Mille gratias iterum to you faithful returning readers, and welcome to those who are joining us! Picking up from yesterday’s post, I want to say a bit more about the introduction of “grammatical” concepts – again keeping in mind the distinctions between morphology, syntax, semantics, and pragmatics, and devoting more attention to semantics or “vocabulary.” I also want to say a bit about the “metastory” for “Tres Columnae” and some of the factors that have influenced my current thoughts about it, but that will happen in the second of two (or more) posts today.
Of course, both the order of “grammatical” concepts and the details of the metastory are subject to the wishes of you, the Tres Columnae participants. We’re not building an industrial-age, take-it-or-leave-it product here! When Henry Ford offered the Model T in “any color you wish, as long as it’s black” (a famous quote that can actually be attributed to Ford), the Industrial Age was young and the consumer was both passive and receptive. But in the Web 2.0 world, it seems hopelessly naive to think that one person could have all the answers – or could impose “all the answers” on the community! So “Tres Columnae” will always welcome, seek, and covet your input on every aspect of the product and the process. Stay tuned next week when we’ll talk about software platforms!
I want to focus on semantics or “vocabulary” today because this is a woefully neglected part of language learning, at least in our beloved field of Latin. Most textbooks, whether they’re of the grammar-translation or reading method approach, present “vocabulary” as a list of Latin words with one or two English equivalents. That’s fine as far as it goes (obviously pater “means” father and currere “means” to run), but how and when do we deal with synonyms or near-synonyms. Just today as I write there’s been a lengthy discussion on the Latin-BestPractices listserv about the words vel, aut, and an, which all “mean” or in English but have totally different pragmatics and connotations. Earlier this week, my own Latin I classes got fascinated by the different shades of meaning of caedere, occīdere, and necāre, which all “mean” to kill. Yet, if you look at a typical Latin textbook, it has little to say about these issues. I’m not quite sure how “Tres Columnae” will need to approach synonyms, but I know we need to engage with them early – as soon as we’ve discovered two “ways to say the same thing” – and in a sustained, intentional way. Stay tuned for more, and please share your thoughts about the best way to handle this issue!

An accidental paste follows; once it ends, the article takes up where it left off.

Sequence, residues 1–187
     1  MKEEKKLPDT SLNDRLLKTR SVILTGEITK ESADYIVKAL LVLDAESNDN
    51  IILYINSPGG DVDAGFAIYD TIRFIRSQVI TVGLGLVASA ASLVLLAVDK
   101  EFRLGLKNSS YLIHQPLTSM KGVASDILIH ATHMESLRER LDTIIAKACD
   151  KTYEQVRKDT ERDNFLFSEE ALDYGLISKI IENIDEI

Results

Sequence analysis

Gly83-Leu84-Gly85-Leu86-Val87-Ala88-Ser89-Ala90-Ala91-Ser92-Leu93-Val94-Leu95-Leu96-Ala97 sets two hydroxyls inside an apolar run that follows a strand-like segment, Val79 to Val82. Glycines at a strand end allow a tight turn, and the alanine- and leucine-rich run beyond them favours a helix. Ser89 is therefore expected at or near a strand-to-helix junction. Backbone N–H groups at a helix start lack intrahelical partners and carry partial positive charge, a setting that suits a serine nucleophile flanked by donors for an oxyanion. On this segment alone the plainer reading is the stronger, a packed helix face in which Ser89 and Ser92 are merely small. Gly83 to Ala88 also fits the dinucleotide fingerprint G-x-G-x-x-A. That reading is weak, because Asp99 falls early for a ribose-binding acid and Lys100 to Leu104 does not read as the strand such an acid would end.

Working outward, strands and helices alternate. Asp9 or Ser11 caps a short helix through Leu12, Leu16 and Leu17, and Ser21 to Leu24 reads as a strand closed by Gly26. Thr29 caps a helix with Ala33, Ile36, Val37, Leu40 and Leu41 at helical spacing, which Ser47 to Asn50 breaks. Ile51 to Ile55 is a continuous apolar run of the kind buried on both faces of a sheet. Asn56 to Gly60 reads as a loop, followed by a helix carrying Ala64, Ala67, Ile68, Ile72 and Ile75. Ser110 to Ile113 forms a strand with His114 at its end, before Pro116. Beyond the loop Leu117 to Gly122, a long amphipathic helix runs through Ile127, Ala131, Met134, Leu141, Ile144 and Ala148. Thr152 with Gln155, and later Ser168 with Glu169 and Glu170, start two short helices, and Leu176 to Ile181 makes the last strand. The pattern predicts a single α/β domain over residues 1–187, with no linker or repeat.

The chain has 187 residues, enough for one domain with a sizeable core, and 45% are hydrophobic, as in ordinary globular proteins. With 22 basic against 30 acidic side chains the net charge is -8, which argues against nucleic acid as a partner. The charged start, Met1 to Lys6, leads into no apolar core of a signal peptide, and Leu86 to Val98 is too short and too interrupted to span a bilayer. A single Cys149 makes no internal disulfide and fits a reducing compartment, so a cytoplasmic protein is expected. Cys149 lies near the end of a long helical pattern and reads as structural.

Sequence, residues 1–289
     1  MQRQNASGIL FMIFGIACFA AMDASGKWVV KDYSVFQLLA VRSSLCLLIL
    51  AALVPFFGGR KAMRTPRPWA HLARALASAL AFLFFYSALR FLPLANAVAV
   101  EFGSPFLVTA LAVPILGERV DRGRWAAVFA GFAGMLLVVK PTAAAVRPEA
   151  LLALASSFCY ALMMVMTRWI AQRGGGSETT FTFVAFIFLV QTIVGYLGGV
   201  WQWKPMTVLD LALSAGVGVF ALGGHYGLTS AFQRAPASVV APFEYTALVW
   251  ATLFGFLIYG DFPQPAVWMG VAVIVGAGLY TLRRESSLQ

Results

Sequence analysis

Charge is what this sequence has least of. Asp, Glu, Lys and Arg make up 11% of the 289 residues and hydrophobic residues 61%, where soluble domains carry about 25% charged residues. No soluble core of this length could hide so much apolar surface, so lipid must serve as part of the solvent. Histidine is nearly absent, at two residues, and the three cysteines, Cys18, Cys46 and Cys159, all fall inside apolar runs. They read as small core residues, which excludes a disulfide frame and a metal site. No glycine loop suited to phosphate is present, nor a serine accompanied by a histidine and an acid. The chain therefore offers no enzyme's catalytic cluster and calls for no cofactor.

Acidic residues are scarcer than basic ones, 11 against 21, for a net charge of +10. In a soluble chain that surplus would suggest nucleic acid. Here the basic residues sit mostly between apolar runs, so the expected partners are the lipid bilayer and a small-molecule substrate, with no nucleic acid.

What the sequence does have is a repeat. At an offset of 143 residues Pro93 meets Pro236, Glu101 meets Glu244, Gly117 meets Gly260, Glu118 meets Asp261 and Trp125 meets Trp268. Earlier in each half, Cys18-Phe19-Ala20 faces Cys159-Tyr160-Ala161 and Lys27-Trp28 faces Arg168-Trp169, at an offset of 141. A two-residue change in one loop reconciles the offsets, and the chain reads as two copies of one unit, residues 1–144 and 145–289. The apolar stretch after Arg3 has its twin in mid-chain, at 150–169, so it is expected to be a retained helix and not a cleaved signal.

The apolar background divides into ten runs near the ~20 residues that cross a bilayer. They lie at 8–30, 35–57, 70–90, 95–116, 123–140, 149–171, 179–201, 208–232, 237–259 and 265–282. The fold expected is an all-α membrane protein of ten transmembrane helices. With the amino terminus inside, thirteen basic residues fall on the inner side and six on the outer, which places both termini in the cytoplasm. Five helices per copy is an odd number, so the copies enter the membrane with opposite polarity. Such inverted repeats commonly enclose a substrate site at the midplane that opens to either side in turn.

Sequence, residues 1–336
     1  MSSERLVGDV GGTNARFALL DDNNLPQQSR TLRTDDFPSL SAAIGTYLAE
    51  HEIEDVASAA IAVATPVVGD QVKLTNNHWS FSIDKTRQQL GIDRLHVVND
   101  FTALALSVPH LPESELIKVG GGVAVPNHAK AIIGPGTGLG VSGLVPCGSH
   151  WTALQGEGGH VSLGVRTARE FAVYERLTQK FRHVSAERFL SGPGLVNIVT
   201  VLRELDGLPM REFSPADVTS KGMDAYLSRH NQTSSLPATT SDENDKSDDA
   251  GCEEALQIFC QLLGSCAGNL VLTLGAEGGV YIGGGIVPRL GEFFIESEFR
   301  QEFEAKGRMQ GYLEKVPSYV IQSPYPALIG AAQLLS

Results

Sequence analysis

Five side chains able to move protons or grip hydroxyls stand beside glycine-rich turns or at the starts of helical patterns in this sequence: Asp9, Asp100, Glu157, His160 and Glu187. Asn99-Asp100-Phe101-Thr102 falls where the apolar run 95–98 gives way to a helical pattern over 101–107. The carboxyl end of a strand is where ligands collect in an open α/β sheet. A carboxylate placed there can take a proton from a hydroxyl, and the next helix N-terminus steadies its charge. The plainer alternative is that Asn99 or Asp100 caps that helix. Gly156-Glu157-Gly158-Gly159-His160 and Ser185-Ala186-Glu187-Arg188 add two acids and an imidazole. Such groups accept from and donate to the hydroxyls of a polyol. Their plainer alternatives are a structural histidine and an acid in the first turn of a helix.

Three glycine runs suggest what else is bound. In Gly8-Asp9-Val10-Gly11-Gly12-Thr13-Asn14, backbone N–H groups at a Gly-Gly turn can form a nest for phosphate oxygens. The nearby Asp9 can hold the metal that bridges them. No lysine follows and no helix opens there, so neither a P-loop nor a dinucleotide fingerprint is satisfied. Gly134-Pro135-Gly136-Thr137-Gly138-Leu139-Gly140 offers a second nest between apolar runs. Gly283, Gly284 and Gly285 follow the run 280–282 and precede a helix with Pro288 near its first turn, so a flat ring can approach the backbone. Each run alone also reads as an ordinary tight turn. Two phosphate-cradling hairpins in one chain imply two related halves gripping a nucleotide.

Another “vocabulary” or semantic issue has to do with untranslatable words or concepts. How can 21st-century Americans, heirs to over a millenium of “guilt culture”, comprehend what a Roman, heir to centuries of “shame culture”, means by pietās or dignitās? Not only “vocabulary,” but also “grammar” can be untranslatable. The meaning of a sentence like ad forum ambulābātur is crystal-clear, and it’s obvious that a Roman, in expressing the idea this way, wants to focus on the walking by not mentioning who did it. But English has no impersonal passive constructions, so how do we represent this idea in English? “It was being walked to the forum” makes it sound like “it” was a dog. “A walk to the forum happened”? “There was walking to the forum going on”? Latin textbooks may try to avoid the problem by avoiding mention of impersonal passives, but then how is the poor intermediate-level learner to cope with such a sentence in a text? I don’t pretend to have answers for these questions, but I think they’re important issues to raise, both among teachers and in dialogue between teachers and their students. Of course, that dialogue is one of the three columns in the Paideia model, and it’s one reason for the title “Tres Columnae.”
So “grammar” and “vocabulary” are inextricably linked, and one factor in the order of their presentation has to be the context in which they’re presented. With a “down the chart” approach, the linkage is less evident – but it wouldn’t make any sense to present second-declension nouns as vocabulary items if you’d only gone “down” as far as first-declension nouns! With a reading-method or oral-aural approach, the linkage is obvious: if you’re telling (or reading) stories about family life, you obviously need to learn words for family members, and it would make sense to learn about genitive and/or dative case nouns to express the relationships between them. I’ll have more to say about families in the next post, coming in just a bit. For now, I’d like to ask for your thoughts on any (or all) aspects of this post.
Tune in shortly for more….